Keto Diet Plan Basics: Everything You Need to Know to Start
You've certainly heard about keto diets. Now learn the benefits, what you can and can’t eat on it, and how to get started. We've got answers to your most-asked questions so you can determine if a keto diet is right for you.
From celebrities to your sister-in-law, it seems like everyone is doing keto. Even U.S. News & World Report gave it the green light when they ranked it as the No. 2 diet (tied with Atkins) in their Best Fast Weight-Loss Diets category for 2019.
What Is the Keto Diet?
The ketogenic diet (yes, keto is short for ketogenic) is a low-carbohydrate diet—only about 5 percent of your calories come from carbs (in case you’re curious, government dietary recommendations are 45 to 65 percent). The majority of your calories (60 to 70 percent) come from fat. And the remaining 25 to 35 percent come from protein.
How Does a Keto Diet Work?
When you scale back your carb intake to such a low amount, your body goes into ketosis, which means it burns fat for energy. Your liver also turns fat into ketones to feed your brain (though your brain prefers to use—and usually does use—glucose from digested carbs). As your body withdraws from carbs in that first week, the so-called “keto flu” is pretty common. You might feel achy, tired, mentally foggy, or experience headaches.
The benefit to this diet plan—so long as you follow it properly and get into and stay in ketosis—is that you will lose weight. A 2013 study of studies (called a meta-analysis), showed that a low-carb ketogenic diet was more effective for quick weight loss for people with diabetes than other popular diets. Similar studies looked at people without diabetes.
Some keto diet articles—and anecdotal stories of people following a keto diet plan—suggest that eating this way could reverse type 2 diabetes. Depending on the diabetes medication you are taking (because there are some medications that don't recommend a keto diet), you may be able to better control your diabetes or even go off of type 2 diabetes drugs on a keto diet.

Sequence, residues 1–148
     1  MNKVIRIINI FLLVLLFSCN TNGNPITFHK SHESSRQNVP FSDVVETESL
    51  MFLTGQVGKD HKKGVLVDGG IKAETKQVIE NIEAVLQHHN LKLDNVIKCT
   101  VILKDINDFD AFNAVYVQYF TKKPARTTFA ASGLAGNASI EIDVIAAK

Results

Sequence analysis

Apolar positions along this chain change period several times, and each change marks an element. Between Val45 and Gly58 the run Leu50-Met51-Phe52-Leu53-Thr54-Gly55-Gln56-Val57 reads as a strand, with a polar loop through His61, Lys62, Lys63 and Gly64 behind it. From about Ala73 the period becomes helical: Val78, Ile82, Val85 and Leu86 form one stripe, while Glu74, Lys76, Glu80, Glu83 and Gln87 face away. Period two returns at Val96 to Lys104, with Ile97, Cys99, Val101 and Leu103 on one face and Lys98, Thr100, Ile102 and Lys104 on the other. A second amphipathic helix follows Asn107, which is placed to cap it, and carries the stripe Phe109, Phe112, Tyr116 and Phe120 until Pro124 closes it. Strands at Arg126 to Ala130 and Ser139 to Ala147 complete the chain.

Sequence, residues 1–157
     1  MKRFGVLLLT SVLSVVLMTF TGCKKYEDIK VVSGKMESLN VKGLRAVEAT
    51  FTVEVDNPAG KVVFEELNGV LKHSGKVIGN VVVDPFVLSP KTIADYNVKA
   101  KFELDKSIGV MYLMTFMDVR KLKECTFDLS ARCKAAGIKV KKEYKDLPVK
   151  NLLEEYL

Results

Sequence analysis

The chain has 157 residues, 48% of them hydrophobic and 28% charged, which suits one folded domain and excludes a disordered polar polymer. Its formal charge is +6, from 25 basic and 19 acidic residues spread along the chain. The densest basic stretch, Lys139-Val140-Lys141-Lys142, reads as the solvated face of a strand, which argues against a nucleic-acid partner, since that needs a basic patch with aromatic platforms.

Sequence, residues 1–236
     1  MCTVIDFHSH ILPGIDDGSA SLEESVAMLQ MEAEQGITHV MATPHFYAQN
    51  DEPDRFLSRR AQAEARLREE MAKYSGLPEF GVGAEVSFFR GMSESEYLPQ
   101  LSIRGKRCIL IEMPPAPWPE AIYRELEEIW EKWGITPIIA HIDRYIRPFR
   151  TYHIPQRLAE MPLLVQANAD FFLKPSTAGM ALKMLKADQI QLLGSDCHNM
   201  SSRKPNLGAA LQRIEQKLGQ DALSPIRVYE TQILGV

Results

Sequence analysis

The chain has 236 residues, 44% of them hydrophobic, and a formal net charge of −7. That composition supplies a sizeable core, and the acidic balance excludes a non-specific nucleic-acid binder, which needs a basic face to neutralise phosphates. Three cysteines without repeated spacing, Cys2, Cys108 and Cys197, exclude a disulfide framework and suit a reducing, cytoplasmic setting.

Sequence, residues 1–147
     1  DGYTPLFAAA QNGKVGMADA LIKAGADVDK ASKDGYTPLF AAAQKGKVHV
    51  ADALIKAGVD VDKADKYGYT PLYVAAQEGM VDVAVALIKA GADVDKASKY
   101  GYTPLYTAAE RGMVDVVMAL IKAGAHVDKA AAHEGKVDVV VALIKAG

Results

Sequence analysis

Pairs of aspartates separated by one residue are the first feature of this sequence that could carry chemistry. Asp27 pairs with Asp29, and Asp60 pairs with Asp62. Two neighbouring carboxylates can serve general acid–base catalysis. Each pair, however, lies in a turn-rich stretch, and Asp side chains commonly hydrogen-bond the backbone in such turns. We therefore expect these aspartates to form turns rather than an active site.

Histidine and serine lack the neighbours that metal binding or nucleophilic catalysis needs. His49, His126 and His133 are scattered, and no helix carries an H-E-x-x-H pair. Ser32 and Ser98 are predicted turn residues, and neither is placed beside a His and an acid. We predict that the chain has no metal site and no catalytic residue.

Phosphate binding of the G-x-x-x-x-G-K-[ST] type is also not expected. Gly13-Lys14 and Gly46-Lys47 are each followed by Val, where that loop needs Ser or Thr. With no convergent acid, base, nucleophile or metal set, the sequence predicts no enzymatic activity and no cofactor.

How do You Get Started on a Keto Diet Plan?
First, familiarize yourself with what you can and can’t eat. Knowing what you can eat on a keto diet is a huge factor to determine if it's a diet you can stick to.
Approved Keto Diet Foods
Fatty animal proteins, such as bacon, red meat, poultry with the skin on, are all high on the approved section of a keto diet food list. Then there are oils and other fats like avocados, butter, and ghee. Lower-carb veggies such as asparagus, broccoli, Brussels sprouts, cauliflower, and leafy lettuces help you pump up the volume of your meals and add some fiber to your diet. Nuts are also keto diet staples.
Foods Not Allowed on a Keto Diet
Foods like bread, pasta, rice, which are high carb are no-gos on keto. Most fruits are not allowed on a keto diet plan (though high-fiber ones like raspberries and blackberries are usually OK in small amounts), and definitely no juice. Obviously, sugar-laden items like soda, candy, and other sweets (such as cookies, cakes, and ice creams) are also banned on the ketogenic diet. Sometimes you can make room for lower-carb beers, wine, or liquor, but nutritionally you shouldn’t “spend” all of your carbs on alcoholic beverages.
The next thing you should do before diving into a keto diet is spend some time educating yourself about carbs. What foods are high in carbs and which ones are low carb? And how many grams of carbs are we talking about. Most keto diet plans cap your daily carbohydrate intake at 20 grams, so dialing in on the actual number is a must.
Truth be told, following a keto diet isn’t the easiest of diets. It can be challenging and time-consuming. Although you could safely stay on it for an extended period of time, you’ll probably find it easier to use a keto diet to jumpstart your weight loss and then transition to a diet that’s more sustainable.
And, of course, because the keto diet is so popular, there are now variations—like lazy keto and dirty keto—that you can default to.